SWAN: It`s so hard to know. Here`s the question.


SWAN: You know what?

CAPEHART: It`s possible.

SWAN: Family is important to him. But you know what is more important? Media coverage of himself. I think if he thought he was going to get bad coverage, I don`t know that he would.

MATTHEWS: He is not going to let his family swing. The family is close enough to be him.

SWAN: Yes.

MATTHEWS: The roundtable is sticking with us. You`re watching HARDBALL.


MATTHEWS: We`re back with the HARDBALL round table in just a minute. Up next, these three will tell me something I don`t know. You`re watching HARDBALL.


MATTHEWS: We`re back with our roundtable. Jonathan, tell me something I don`t know.

CAPEHART: Tomorrow at "The Washington Post", at 10:00 a.m., I`m interviewing former Attorney General Eric Holder in a live event for my podcast.

MATTHEWS: And that`s breaking news?

CAPEHART: Yes, that is breaking news.

MATTHEWS: Makes some news.

Go ahead, Heidi.

PRZYBYLA: A couple of letters that came out last week that raised serious questions about mission creep in Syria. That this administration does not think it needs to go back to Congress for widening the conflict in terms of battling the battling the Syrian government and maybe as a bulwark against Iran.

MATTHEWS: It was on "Homeland" last night, that exact same development on "Homeland".

Go ahead.

SWAN: Trump has been telling confidantes that he admires Singapore`s death penalty for drug dealers, and he would like to see a death penalty for drug dealers here in America. He understands he might have some trouble getting that through Congress. But he has spoken admiringly of Duterte and President Xi in China.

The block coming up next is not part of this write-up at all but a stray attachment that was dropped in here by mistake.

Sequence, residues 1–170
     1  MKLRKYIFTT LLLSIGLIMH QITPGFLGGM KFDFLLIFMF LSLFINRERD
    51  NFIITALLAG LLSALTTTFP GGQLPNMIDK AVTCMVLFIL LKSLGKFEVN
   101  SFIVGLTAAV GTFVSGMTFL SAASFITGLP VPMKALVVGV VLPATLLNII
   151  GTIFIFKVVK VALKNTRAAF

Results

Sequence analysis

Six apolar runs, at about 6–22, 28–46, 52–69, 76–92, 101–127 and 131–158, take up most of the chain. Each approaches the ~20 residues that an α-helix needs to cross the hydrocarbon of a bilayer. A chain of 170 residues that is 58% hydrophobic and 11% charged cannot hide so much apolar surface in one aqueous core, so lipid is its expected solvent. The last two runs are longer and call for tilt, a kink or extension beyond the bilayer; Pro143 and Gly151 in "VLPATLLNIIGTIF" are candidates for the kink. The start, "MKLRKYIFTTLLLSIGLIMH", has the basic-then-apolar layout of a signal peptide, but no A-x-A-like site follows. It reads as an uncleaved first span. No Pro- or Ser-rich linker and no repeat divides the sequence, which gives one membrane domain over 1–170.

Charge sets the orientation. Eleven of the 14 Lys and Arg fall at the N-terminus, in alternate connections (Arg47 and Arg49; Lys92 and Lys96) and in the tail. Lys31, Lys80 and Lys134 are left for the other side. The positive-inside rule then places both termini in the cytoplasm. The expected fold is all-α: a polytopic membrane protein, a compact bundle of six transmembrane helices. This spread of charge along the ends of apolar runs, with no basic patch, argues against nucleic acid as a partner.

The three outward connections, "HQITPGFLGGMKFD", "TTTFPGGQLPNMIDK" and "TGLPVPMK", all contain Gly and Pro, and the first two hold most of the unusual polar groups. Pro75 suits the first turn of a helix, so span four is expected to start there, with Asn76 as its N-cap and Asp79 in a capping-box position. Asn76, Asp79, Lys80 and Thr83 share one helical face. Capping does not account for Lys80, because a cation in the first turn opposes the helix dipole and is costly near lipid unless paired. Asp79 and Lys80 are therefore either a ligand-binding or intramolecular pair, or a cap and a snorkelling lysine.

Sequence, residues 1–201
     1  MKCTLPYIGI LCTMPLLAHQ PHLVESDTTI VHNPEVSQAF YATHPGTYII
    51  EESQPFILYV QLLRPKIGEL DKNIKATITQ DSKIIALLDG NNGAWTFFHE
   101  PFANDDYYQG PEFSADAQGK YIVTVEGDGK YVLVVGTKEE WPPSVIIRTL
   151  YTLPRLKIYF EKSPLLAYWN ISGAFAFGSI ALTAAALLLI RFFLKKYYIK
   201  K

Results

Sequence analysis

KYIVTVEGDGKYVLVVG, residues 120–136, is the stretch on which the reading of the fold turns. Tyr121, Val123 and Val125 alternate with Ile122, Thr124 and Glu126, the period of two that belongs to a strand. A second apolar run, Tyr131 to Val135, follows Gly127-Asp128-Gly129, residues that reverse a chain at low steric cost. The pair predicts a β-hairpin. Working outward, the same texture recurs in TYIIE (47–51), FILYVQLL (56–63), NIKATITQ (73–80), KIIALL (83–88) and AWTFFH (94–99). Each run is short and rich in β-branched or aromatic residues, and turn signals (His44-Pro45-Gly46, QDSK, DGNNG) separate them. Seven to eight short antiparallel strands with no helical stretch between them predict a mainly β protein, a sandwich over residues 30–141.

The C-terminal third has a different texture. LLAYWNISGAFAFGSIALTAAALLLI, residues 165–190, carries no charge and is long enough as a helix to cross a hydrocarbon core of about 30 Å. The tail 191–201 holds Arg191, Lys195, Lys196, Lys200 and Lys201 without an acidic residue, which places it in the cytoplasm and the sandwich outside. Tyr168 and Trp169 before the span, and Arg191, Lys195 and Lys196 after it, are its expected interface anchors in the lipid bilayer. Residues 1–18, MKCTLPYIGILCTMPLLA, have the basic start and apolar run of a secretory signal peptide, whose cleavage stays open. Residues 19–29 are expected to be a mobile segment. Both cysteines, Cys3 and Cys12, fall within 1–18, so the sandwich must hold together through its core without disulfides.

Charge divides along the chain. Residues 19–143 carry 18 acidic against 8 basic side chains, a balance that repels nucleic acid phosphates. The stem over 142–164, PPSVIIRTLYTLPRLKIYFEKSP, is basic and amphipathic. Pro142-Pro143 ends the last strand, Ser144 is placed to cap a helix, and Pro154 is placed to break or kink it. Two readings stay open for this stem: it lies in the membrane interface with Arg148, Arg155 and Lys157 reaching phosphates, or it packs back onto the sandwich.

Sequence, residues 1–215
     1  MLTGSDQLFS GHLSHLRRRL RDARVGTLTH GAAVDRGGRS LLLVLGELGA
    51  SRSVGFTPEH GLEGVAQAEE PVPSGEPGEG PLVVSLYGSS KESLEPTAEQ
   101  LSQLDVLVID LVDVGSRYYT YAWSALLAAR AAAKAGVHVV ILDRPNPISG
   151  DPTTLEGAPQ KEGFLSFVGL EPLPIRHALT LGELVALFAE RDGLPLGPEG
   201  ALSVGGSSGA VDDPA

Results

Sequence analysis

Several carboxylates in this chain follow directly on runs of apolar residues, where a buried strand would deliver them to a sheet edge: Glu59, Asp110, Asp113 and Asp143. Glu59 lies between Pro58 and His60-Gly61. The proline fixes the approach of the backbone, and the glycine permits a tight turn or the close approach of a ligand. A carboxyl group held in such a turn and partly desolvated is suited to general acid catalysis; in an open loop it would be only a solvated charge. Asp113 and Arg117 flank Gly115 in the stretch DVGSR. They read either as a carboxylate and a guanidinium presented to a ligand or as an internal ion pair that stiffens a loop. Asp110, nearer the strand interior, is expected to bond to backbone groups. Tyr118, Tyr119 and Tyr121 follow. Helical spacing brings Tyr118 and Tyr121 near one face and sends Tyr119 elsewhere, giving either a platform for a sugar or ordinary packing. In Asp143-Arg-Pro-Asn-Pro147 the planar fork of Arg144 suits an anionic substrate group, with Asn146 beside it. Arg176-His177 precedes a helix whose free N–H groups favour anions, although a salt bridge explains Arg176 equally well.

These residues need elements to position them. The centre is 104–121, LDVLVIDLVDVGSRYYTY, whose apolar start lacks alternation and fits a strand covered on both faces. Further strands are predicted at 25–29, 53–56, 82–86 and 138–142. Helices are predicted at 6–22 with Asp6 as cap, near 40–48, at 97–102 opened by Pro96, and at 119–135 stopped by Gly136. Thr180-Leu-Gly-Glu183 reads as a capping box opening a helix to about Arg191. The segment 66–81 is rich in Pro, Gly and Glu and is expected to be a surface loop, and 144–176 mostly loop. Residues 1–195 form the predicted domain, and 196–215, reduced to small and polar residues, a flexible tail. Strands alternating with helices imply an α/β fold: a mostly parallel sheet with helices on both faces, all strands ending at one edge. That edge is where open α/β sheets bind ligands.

MATTHEWS: OK. We`ve heard enough of this guy. Anyway, what can I say? I just -- what can I say?

Jonathan Capehart, thank you. Jonathan Swan, thank you, and Heidi Przybyla.

We`ll be right back.


MATTHEWS: Trump Watch Monday, February 26th, 2018. You can call it the Trump two-step.

It goes like this: say anything you want now, do anything you want later. When the heat is on, say good things about the Dreamers. Say you`re going to take care of these people who are brought to this country at a young age. Not to worry, President Trump is on your side.

Now, wait a few weeks for the heat to be off. Then when people have forgotten all those commitments you made about how you were going to look out for Dreamers, drop all that.

When horror struck Parkland, Florida, that high school, Trump began the same two-step. When he was on, when everyone wanted something done about guns being brought into schools to kill students, Trump talked about how he too wanted something done. He talked about such gun control measures such as banning bump stocks which make a semiautomatic rifle into an automatic, and even about raising the age requirement for buying AR-15s, assault rifles.

Let`s see how he takes the second step to find a way of avoiding all these commitments and leaving everything the way it is until the next school shooting.

That`s HARDBALL for now. Thanks for being with us.

"ALL IN WITH CHRIS HAYES" starts right now.